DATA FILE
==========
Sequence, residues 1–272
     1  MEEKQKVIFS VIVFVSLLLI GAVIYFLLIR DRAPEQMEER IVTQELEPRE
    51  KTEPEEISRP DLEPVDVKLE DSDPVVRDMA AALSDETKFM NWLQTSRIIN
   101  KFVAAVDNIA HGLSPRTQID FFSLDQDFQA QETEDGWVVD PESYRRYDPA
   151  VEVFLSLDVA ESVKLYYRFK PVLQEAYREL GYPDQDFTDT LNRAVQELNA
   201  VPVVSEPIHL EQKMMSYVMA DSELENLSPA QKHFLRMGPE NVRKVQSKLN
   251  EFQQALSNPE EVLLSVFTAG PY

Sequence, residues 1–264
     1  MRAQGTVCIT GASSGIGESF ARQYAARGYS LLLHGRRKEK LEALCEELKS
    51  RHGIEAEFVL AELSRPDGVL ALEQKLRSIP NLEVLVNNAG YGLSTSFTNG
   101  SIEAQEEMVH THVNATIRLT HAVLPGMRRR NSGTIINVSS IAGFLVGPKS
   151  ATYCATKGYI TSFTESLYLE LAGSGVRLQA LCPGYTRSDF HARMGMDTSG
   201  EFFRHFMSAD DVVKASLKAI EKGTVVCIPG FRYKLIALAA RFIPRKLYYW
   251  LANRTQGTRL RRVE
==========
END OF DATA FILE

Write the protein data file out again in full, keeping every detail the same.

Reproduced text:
Sequence, residues 1–272
     1  MEEKQKVIFS VIVFVSLLLI GAVIYFLLIR DRAPEQMEER IVTQELEPRE
    51  KTEPEEISRP DLEPVDVKLE DSDPVVRDMA AALSDETKFM NWLQTSRIIN
   101  KFVAAVDNIA HGLSPRTQID FFSLDQDFQA QETEDGWVVD PESYRRYDPA
   151  VEVFLSLDVA ESVKLYYRFK PVLQEAYREL GYPDQDFTDT LNRAVQELNA
   201  VPVVSEPIHL EQKMMSYVMA DSELENLSPA QKHFLRMGPE NVRKVQSKLN
   251  EFQQALSNPE EVLLSVFTAG PY

Sequence, residues 1–264
     1  MRAQGTVCIT GASSGIGESF ARQYAARGYS LLLHGRRKEK LEALCEELKS
    51  RHGIEAEFVL AELSRPDGVL ALEQKLRSIP NLEVLVNNAG YGLSTSFTNG
   101  SIEAQEEMVH THVNATIRLT HAVLPGMRRR NSGTIINVSS IAGFLVGPKS
   151  ATYCATKGYI TSFTESLYLE LAGSGVRLQA LCPGYTRSDF HARMGMDTSG
   201  EFFRHFMSAD DVVKASLKAI EKGTVVCIPG FRYKLIALAA RFIPRKLYYW
   251  LANRTQGTRL RRVE